Alcopops: How A Seemingly Innocent Drink Can Be A Trap For Addiction With Youth
These narratives make alcohol use seem interesting, fun, and even cool, which can mean that alcohol looks a lot more tempting to young people who aren’t old enough to drink safely, and for whom drinking alcohol can be more dangerous.
Alcopops are just one more thing that can make it easier and more tempting for young people to drink when they shouldn’t and can also lead to misunderstandings about the dangers of alcohol and what safe drinking looks like.
If you haven’t heard of alcopops or want to learn more about these drinks and why they can be more dangerous for young drinkers, you’re in the right place.
If you’ve heard of alcopops and want to understand the risks and dangers better or aren’t sure that there are risks and dangers, you’re in the right place.
Let’s talk about what alcopops are, what makes them different from other kinds of alcohol, and how they can be an addictive risk.
What Are Alcopops & How Can They Be Dangerous?
Most parents know that alcohol isn’t good for their children and that teenagers are likely to try and experiment with alcohol. But they don’t necessarily know how teenagers will experiment, or what they are most likely to experiment with, which can make it harder to intervene in dangerous drinking behavior.
Alcopops, alcoholic drinks designed to look and taste more like soda than other alcoholic beverages, might not be what you think of dangerous or harmful drinking behavior.
These drinks tend to have relatively low alcohol content (typically 3-7%) [Replaced hyperlink for easier reference] and are sugary and sweet instead of having a more identifiable alcohol taste like wine, beer, or liquor.
Not having that bitter taste or not tasting as strongly of alcohol can make these kinds of beverages more appealing to younger drinkers. The name alcopop refers to the fact that these are alcoholic beverages that are designed to taste more like soda than alcohol.
However, the problem is that the low alcohol content and sweet taste can encourage unsafe behavior because it doesn’t seem like there are as many risks as with other kinds of alcohol, especially hard alcohol.
People are more likely to drink several alcopops in a row than other drinks, especially when they are younger and aren’t familiar with the effects of alcohol. Unfortunately, once an inexperienced drinker has had one to two drinks, their inhibitions are lower, making them more likely to decide to have another.
The sugar in alcopop drinks is also a potential contributing factor when young people consume these drinks. Sugar can be dehydrating, especially in large quantities. Alcohol is also dehydrating, and both can make you thirsty.
Inexperienced drinkers might not realize that they need to hydrate more while drinking and instead reach for another alcopop when thirsty, worsening dehydration issues.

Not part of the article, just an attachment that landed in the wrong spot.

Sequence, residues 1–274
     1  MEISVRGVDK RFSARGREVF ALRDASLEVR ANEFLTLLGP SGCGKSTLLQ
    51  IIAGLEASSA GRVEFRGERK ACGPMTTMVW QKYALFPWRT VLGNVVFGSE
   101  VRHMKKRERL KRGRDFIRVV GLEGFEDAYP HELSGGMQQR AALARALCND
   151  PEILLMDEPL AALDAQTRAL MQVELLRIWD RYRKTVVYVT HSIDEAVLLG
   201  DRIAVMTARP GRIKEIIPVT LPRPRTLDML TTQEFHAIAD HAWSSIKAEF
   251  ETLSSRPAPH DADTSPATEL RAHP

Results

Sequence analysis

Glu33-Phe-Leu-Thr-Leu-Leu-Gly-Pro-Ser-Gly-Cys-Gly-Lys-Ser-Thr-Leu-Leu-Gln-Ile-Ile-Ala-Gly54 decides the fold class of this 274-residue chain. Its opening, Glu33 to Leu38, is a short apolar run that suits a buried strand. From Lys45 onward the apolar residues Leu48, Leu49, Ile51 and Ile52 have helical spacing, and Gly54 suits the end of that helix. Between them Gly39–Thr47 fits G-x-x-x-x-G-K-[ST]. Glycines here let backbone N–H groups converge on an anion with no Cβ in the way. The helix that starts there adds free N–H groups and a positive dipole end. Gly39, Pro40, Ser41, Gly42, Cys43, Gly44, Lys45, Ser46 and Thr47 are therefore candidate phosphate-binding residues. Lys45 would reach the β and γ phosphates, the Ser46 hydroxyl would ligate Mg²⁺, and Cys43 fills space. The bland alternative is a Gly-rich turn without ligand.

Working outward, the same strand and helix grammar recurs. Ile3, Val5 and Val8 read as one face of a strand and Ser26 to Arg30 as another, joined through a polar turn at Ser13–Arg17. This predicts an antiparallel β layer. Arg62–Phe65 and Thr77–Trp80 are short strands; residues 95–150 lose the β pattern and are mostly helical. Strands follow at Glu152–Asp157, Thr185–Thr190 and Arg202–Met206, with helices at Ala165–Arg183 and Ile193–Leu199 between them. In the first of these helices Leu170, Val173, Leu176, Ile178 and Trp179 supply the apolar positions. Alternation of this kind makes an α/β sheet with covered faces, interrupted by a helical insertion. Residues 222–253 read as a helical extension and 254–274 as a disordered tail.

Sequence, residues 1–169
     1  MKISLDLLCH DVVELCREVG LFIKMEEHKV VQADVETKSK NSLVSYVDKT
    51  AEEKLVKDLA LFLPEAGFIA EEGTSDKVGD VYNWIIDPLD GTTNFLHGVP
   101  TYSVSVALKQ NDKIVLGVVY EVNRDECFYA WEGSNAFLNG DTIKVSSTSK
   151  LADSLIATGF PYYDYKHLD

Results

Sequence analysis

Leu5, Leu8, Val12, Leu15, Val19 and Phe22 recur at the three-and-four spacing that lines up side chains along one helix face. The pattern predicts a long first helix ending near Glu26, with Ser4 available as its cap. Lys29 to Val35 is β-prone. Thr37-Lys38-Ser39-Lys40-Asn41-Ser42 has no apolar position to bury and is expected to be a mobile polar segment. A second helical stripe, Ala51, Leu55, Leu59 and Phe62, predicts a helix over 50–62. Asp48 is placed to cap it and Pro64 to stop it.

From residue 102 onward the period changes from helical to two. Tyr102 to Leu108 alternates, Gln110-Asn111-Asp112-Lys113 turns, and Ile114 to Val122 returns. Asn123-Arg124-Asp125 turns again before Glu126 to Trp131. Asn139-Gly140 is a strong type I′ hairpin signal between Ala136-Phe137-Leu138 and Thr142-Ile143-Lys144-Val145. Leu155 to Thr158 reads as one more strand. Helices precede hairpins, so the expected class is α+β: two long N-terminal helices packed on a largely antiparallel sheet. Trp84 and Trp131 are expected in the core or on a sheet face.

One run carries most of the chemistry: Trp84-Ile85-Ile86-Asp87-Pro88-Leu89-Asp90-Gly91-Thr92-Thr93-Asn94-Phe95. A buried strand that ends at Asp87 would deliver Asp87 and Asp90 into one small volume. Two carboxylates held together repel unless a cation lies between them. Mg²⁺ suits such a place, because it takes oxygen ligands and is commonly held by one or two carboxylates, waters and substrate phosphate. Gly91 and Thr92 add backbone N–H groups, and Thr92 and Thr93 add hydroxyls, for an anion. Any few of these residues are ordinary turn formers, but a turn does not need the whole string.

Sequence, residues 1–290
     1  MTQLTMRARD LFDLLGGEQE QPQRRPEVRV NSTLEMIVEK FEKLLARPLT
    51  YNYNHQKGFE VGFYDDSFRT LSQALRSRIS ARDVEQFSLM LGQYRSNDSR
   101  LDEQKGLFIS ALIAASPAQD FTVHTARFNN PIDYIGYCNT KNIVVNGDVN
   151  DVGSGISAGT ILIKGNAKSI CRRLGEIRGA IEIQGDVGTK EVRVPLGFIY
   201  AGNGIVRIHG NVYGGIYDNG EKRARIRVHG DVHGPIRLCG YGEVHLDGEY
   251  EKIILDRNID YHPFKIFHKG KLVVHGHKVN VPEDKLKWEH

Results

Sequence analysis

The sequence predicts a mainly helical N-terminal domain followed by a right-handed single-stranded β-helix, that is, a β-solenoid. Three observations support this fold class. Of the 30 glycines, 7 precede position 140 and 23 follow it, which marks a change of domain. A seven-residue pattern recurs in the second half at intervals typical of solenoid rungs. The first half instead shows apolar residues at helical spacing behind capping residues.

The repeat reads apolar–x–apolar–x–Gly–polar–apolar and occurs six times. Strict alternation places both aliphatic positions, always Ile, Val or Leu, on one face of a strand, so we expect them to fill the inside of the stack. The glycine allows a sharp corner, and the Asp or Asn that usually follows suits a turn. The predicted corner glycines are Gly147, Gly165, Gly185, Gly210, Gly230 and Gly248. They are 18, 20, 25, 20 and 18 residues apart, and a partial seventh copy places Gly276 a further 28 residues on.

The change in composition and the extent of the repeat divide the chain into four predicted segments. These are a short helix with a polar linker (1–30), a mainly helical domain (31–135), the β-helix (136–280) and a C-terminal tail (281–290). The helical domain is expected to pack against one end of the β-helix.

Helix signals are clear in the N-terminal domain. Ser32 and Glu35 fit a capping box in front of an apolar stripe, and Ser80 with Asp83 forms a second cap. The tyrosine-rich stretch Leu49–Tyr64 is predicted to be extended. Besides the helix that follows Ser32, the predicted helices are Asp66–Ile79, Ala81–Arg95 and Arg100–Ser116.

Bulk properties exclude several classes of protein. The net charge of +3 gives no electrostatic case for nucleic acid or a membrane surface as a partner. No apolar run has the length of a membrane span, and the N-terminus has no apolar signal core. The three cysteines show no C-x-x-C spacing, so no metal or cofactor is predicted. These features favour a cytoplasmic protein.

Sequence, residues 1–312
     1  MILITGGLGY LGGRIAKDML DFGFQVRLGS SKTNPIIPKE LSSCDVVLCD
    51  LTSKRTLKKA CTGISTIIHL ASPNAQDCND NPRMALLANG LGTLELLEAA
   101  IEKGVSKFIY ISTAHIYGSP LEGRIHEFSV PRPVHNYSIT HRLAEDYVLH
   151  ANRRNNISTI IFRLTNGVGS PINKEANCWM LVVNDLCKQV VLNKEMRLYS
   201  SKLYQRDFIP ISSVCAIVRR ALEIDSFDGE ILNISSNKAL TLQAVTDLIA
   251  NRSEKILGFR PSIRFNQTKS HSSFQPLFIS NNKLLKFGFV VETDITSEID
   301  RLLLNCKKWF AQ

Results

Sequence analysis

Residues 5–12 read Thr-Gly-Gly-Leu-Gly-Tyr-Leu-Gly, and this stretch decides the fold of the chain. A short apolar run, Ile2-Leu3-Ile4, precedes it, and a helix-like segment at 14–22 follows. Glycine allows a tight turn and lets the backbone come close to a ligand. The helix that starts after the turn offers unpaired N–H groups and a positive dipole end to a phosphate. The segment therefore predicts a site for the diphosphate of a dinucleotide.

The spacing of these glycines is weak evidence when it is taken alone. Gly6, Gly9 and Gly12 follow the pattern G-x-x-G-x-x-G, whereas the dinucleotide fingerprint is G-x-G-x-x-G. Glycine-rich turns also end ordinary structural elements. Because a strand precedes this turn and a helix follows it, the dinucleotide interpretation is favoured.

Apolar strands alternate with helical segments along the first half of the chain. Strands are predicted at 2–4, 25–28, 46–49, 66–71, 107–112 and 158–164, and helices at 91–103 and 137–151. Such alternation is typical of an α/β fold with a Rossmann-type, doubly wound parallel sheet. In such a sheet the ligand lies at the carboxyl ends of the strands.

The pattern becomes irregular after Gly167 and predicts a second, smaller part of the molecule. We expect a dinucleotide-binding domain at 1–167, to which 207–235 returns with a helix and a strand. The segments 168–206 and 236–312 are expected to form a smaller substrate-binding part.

When you combine dehydration with alcohol use, things can get more dangerous because your body doesn’t have the resources to process and deal with the alcohol.
Alcopops include anything with relatively low sugar content that sounds or looks similar to sodas or lemonades. In addition, they are generally available in either glass bottles or aluminum cans, similar in size and shape to pops and sodas. All of these factors can make things a little more difficult for young and inexperienced people to behave responsibly or safely.
Add the issue of peer pressure, especially in groups where no one is informed about the dangers of alcohol and how to drink responsibly, and you can have a significant problem that can quickly spiral out of control.
How Drinking Alcopops Can Lead To An Addiction To Alcohol
Addiction to alcohol from drinking alcopops often starts long before the youth doing the drinking realizes what’s happening.
For one thing, inexperienced drinkers likely think alcopops have less alcohol than the average beer. The truth is that these drinks have the same amount of alcohol or more, but you generally can’t taste the alcohol as clearly.
As a result, beer sales have decreased, while sales of alcopops have increased significantly.
That tells us not that people are drinking less but that the drink of choice has changed and that the drink of choice for binge drinking has changed.
Since these beverages are sugary, sweet, and generally easy to drink, unlike other alcoholic beverages that will often have more physical effects that you can notice right away when you’re drinking too much, it’s easier to drink a lot of alcopops in a single binge.
Binge drinking is common in settings like parties, illicit hangouts, sneaking out of the home, and anytime teenagers can misbehave and think they are safe enough to manage it.
However, binge drinking is also one of the behaviors most likely to lead to addiction. This is partly because hangovers and severe withdrawal symptoms from drinking too much alcohol may lead youth to drink more to feel better.